PORTLAND, Ore. (KOIN) — The City of Portland is experiencing a wave of gun violence unlike any seen in decades.
Four people were gunned down — all in separate shootings — this week alone and one person was shot to death in Gresham.
Sergeant Kenneth Duilio with the Portland Police Bureau’s Detective Division said Friday the city has logged a total of 852 shootings since the beginning of 2020, with a surge in gun violence taking place in the months of June and July.
“I think the City of Portland had three or four murders up to I think the end of May, mid-June, and then we’d had like 48 since and that pace is really bad — that puts Portland on a pace to have 100 homicides a year or more which would by far be a record that goes back 30-plus years,” said Duilio. “That’s super concerning.”
The City Council voted in June to dissolve the PPB’s Gun Violence Reduction Team amid nationwide protests for racial justice after the death of George Floyd. The GVRT came under fire for allegedly targeting members of the Black community at a disproportionate rate. Portland saw 99 shootings the following month compared to 35 in July of 2019, according to police data.
And shooting scenes have been getting larger.
“In the 10 years of working in gun violence I would say if we had a shooting at 40 or 50 casings, that was a lot,” said Duilio.
A 23-year-old Uber driver was shot in the head on Saturday in Northeast Portland on his way to pick up his next rider. Police said at least 60 shots were fired at his car.
“Since we’ve been disbanded, there’s been multiple shootings in the 60 to 80 range,” Duilio said. “We had one shooting that even had 151 casings at it and ballistically by doing an analysis on the casings we were able to identify around 10 different shooters.”
Commissioner Jo Ann Hardesty, who worked to win support for getting rid of the GVRT, had originally said the money that funded the unit would be used to create a street response team.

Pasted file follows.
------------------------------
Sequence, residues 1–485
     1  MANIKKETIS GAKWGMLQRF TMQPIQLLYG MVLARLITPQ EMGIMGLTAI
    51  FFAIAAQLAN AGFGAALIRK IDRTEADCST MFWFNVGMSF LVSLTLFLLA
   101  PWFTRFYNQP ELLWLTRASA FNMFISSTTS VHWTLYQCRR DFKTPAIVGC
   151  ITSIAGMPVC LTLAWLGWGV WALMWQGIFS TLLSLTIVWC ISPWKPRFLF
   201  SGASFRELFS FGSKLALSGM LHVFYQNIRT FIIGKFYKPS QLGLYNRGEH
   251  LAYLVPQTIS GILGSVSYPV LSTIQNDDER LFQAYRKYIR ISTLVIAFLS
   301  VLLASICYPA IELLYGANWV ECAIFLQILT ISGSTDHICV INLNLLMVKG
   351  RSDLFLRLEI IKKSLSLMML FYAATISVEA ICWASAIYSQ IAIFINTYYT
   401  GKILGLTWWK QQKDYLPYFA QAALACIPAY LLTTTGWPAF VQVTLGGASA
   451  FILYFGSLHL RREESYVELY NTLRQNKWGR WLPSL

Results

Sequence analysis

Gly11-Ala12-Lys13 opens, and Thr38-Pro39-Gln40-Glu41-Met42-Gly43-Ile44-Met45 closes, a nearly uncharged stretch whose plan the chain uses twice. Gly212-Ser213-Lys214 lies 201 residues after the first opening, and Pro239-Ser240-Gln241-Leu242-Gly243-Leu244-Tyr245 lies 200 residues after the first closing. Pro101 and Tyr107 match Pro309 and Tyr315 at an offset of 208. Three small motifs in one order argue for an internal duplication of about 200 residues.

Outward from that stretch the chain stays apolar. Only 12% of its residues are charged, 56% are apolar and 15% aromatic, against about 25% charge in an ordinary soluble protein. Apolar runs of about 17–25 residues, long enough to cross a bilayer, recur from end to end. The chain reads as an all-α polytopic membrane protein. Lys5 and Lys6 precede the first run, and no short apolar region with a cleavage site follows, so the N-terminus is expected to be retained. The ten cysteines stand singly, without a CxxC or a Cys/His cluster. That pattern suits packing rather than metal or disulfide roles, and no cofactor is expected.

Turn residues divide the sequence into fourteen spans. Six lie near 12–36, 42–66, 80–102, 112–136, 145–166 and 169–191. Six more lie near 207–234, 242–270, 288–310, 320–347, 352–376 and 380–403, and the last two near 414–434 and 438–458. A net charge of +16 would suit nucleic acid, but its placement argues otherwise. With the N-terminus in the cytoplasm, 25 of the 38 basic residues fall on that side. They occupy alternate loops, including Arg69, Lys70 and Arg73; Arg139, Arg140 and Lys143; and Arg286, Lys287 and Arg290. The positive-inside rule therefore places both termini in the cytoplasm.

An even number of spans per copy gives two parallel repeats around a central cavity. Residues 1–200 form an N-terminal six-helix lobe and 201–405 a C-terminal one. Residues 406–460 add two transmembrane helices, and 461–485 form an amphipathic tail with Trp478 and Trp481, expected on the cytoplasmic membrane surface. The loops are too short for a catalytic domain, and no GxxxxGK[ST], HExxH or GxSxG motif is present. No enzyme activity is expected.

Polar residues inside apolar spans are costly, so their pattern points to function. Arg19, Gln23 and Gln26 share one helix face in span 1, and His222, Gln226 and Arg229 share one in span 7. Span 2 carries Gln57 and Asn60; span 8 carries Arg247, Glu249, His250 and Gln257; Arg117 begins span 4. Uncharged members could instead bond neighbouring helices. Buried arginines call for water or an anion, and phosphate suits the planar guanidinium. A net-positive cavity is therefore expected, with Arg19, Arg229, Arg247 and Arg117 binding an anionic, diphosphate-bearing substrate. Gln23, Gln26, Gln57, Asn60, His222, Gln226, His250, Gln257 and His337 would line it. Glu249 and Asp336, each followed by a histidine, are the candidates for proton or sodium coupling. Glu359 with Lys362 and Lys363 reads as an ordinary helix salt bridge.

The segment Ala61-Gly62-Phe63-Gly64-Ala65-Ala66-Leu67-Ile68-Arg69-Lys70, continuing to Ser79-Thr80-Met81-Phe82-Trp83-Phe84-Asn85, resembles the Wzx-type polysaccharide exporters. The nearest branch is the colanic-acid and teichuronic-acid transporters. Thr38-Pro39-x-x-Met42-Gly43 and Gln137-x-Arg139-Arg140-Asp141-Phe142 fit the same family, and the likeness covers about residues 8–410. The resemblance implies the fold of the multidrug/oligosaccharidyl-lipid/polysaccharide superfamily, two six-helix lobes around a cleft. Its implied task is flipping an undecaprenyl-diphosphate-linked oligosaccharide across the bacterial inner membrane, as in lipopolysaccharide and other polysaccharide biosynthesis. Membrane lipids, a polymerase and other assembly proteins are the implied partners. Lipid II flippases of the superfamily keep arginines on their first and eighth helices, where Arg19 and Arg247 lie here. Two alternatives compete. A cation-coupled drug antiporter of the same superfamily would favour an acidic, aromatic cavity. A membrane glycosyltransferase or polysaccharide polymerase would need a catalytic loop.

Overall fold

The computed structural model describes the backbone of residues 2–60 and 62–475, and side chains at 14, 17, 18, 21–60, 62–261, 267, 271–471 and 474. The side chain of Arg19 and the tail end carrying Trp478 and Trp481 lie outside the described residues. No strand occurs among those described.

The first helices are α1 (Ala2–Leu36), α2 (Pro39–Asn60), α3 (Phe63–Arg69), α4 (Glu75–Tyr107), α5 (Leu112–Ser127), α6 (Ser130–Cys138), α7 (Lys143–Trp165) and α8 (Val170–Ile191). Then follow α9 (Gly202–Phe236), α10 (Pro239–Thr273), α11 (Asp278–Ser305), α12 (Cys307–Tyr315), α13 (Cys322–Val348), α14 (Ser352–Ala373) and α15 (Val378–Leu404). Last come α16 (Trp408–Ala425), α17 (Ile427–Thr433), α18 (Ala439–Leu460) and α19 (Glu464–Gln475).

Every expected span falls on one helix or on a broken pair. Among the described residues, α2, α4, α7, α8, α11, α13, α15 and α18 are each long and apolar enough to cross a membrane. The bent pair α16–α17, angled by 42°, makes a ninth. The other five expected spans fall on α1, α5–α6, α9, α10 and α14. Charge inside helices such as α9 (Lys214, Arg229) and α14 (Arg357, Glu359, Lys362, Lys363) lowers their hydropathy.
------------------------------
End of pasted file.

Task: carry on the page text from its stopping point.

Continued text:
Duilio is among many voices at PPB who believe the city lost a lot of ground in the fight to limit gun violence when the GVRT was dissolved. He said the perception that the unit was singling out people based on race is false.
“Our stops were based on data and intelligence, knowledge and experiences — they’re not random traffic stops,” he said. “We deeply understand and care about the racial complexities of police and the relationships with communities of color and so for us, it’s actually the opposite: we want to build great relationships even in the face of trying to be effective in reducing gun violence and taking guns off the street.”
Duilio said the members of the GVRT worked hard to form relationships with the people involved in gun violence, their families and loved ones, and to better understand the challenges they were facing.
“Certainly we’re there to protect the community and hold people accountable, if someone’s carrying a gun and he shouldn’t be if he’s a felon, we’re going to hold them accountable,” he said. “But we’re going to treat him with respect when we do that and we’re also going to be there for him when he gets out of jail and try to make referrals to the Office of Violence Prevention, trying to help. Maybe they have a wife, they have a kid, they don’t want to go back to the gang life but they need a job — everybody needs income, and trying to help people establish themselves and get them back on their feet and get them out of this cycle of gang violence and living that life.”
A little over a month after the GVRT was defunded, Portland Mayor Ted Wheeler said he was working to establish a new and improved version of the team with the community’s help. On Friday, Wheeler, PPB Chief Chuck Lovell and Director of the Office of Violence Prevention Nike Greene announced that starting immediately, more detectives will be assigned to investigate shootings. Wheeler’s office added that more outreach and hospital-based trauma responders will also be sent into the field with the goal of reducing the “gun violence epidemic.”
“Gun violence has plagued our city at twice the rate of last year. On average someone is shot in Portland roughly every two days,” said Lovell. “There have been 51 homicides this year. We cannot lose sight of the fact that these are human beings who have died and there are broad traumatic impacts throughout the community for the lives that have been lost.”
Wheeler said he also asked the bureau to submit budget requests for near-term investments in filling gaps in the city’s current ability to respond to gun violence. The mayor reportedly intends to lobby City Council to provide the requested resources.